Deputy Minister of Finance, Mr. Weekers, wants to ensure that more owners of cars with foreign license plates pay motor vehicle tax (motorrijtuigenbelasting; "MRB") and private motor vehicle and motorcycle tax (belasting van personenauto's en motorrijwielen; "BPM") in the Netherlands, if they are resident in the Netherlands or have been living and working here for a longer period of time. In answer to parliamentary questions, he has given an undertaking to include measures to this effect in the Tax Plan 2014.

As a rule, Dutch residents who own a car that is driven on Dutch public roads must pay MRB and BPM, regardless of whether the car has Dutch or foreign license plates. There are a few exemptions, such as an exemption for short-term use (a maximum of two weeks) of rental cars with foreign license plates hired abroad. However, it frequently occurs that residents with cars with foreign license plates fail to pay MRB or BPM. Deputy Minister Weekers now wants to deal with this situation by adopting a multidisciplinary approach, on the one hand through legislation, and on the other by way of monitoring and compliance.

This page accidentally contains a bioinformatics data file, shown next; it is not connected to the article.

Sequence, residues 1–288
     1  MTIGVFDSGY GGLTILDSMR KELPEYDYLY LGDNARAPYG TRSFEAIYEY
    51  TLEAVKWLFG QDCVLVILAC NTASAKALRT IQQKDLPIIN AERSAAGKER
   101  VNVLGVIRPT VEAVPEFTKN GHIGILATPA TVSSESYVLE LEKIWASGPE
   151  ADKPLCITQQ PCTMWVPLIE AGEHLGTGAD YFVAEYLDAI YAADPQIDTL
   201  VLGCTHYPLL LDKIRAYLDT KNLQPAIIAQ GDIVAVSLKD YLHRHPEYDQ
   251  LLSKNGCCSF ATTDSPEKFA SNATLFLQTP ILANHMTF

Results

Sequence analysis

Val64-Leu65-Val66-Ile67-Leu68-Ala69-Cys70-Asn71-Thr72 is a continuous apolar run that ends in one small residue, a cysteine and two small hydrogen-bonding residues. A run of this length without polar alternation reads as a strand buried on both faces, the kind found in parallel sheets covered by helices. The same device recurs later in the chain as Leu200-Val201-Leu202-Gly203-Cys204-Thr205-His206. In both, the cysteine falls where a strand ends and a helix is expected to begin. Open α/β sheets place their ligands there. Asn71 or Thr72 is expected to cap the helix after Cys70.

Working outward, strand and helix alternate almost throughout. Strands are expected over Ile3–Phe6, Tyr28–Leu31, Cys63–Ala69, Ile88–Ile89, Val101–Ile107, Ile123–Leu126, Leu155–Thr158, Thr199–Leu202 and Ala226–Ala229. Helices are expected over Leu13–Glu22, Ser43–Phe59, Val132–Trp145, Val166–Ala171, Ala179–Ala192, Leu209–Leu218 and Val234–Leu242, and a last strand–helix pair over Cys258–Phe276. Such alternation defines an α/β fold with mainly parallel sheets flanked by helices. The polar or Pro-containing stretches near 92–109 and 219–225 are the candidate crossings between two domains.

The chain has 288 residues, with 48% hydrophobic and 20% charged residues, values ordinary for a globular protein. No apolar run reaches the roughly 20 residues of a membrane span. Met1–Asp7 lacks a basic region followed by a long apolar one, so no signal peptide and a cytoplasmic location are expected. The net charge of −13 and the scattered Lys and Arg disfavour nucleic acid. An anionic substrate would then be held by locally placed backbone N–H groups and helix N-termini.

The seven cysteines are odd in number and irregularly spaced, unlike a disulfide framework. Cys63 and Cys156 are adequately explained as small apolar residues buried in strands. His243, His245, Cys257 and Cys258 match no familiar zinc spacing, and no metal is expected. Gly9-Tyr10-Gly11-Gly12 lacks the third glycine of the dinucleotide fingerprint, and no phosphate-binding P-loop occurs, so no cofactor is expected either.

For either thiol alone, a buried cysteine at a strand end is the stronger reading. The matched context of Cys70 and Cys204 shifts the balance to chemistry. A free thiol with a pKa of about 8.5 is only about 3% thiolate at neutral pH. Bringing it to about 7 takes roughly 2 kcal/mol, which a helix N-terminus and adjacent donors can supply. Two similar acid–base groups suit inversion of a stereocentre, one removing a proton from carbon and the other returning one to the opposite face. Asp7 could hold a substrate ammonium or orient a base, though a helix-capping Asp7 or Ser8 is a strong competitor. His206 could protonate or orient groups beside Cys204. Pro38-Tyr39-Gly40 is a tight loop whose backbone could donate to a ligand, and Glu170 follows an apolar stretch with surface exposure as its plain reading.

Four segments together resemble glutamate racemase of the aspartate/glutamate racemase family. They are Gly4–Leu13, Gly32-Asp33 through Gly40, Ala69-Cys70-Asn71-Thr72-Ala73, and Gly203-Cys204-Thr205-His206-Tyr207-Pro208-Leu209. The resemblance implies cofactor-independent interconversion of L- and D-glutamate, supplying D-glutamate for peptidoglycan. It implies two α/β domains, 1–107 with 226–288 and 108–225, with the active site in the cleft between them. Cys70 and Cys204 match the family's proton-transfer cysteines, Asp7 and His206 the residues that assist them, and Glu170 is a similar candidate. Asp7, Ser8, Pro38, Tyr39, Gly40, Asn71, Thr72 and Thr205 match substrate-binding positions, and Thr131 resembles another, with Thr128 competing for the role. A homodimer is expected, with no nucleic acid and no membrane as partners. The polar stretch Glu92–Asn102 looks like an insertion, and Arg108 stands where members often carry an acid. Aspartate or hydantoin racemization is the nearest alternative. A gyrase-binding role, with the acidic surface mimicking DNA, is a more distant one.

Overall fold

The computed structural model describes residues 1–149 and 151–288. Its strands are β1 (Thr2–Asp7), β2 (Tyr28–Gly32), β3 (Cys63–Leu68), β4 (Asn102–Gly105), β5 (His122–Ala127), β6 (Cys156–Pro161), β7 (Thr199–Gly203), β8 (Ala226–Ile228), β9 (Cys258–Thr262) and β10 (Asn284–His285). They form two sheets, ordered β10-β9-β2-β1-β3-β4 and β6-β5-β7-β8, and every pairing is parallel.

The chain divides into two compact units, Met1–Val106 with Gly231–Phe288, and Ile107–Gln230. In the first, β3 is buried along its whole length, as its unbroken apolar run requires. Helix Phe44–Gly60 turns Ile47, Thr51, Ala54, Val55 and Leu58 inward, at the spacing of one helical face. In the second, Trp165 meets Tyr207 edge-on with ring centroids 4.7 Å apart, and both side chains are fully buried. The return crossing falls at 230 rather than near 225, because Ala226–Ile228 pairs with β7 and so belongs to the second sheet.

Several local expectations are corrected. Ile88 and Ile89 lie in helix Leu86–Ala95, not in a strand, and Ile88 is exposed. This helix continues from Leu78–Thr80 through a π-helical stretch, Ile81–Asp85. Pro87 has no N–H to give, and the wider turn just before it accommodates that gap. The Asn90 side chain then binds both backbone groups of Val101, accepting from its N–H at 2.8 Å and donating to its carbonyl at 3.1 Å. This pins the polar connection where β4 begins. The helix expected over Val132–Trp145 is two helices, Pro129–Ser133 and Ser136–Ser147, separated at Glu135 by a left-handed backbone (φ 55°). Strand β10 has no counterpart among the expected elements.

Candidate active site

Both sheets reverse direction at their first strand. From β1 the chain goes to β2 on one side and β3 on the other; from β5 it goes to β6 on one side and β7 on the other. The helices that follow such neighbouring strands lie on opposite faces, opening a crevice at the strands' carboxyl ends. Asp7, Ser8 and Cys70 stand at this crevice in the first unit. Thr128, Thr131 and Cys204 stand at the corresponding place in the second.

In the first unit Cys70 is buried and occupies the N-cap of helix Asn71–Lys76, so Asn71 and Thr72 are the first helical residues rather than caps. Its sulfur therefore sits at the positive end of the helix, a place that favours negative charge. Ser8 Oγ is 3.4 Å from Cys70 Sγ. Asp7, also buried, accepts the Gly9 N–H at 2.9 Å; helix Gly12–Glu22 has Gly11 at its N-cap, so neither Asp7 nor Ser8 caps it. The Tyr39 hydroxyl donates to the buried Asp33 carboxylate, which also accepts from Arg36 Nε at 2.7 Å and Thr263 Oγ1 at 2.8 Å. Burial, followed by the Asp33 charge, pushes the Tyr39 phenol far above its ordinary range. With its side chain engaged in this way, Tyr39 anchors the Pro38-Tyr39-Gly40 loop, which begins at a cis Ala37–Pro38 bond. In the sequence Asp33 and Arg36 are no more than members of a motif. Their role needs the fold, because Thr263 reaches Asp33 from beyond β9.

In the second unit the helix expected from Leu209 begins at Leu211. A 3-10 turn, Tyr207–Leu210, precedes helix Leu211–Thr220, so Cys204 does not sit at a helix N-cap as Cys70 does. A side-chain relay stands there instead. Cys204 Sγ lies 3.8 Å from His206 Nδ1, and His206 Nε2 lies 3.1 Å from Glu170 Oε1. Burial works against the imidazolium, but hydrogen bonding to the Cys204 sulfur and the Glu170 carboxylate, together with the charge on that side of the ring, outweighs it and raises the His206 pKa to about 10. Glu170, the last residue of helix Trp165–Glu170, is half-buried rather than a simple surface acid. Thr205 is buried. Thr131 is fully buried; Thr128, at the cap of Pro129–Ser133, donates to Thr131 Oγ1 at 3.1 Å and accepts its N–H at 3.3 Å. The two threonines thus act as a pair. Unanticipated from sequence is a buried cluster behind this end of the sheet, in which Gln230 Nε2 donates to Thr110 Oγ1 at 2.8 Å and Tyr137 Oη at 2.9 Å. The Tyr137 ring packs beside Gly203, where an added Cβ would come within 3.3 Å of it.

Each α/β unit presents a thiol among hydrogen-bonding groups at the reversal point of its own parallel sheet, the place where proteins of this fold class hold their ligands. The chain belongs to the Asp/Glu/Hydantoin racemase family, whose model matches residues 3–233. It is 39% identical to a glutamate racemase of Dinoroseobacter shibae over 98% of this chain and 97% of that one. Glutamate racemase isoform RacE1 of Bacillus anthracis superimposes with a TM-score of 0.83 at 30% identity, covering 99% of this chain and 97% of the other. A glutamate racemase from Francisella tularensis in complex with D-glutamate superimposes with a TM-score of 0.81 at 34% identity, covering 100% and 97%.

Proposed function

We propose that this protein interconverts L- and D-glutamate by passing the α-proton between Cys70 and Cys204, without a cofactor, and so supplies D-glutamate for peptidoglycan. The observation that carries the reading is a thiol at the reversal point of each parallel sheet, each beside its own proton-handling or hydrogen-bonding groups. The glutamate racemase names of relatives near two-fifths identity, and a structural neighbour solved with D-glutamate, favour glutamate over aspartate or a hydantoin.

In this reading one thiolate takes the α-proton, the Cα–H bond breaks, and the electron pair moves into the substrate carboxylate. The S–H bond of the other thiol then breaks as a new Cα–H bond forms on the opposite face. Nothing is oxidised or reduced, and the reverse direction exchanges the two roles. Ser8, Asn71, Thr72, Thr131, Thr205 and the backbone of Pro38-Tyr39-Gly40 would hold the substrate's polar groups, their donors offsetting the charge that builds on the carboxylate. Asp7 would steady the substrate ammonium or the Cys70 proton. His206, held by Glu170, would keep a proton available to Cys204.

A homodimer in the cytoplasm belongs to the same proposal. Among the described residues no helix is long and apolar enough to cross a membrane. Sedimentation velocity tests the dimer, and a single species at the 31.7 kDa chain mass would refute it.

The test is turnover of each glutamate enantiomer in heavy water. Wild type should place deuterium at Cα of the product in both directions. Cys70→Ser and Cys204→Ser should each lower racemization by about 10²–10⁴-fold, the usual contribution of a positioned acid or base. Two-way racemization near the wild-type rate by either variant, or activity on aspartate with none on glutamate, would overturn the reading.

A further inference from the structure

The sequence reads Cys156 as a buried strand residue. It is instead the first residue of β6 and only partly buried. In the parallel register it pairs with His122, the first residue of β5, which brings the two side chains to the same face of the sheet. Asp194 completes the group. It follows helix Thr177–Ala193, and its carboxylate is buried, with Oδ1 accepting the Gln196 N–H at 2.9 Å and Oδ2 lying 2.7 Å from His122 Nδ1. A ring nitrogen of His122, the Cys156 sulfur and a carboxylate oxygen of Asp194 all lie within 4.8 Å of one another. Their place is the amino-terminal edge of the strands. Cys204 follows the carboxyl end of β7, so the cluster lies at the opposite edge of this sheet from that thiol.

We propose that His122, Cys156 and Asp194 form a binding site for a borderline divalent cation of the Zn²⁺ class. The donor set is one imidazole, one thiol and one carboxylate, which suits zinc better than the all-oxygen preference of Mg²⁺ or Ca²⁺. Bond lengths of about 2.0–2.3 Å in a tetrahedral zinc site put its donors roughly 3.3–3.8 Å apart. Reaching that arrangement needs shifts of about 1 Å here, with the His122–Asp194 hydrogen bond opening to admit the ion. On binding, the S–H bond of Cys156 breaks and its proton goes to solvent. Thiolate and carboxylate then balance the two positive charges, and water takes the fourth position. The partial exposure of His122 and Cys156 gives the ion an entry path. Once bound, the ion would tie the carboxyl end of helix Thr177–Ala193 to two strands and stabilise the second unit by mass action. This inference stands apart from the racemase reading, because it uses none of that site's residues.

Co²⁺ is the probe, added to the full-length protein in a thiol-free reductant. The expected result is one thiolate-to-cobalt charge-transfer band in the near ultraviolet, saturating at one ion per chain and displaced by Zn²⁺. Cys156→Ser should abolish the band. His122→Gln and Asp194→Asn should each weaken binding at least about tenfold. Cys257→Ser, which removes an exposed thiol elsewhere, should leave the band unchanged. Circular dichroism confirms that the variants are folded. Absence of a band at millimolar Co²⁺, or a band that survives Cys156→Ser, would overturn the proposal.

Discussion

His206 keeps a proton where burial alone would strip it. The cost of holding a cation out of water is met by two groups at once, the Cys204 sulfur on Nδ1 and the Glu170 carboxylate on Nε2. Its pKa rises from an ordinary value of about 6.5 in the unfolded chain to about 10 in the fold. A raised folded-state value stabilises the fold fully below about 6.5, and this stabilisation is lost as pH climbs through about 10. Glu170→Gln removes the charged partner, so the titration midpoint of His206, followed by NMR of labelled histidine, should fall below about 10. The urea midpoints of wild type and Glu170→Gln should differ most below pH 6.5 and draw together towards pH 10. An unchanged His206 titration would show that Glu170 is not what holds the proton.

Car owners who have been living and working in the Netherlands for a longer period of time must, in principle, pay MRB and BPM. Anyone who, within a six-month period resided in the Netherlands for four months, must register with the municipal database (gemeentelijke basisadministratie; "GBA"). Registration in the GBA means that their car must be registered in the Netherlands and it will be given a Dutch license plate. From that moment on MRB and BPM must be paid in the Netherlands.
Contact:Arjan Wolkers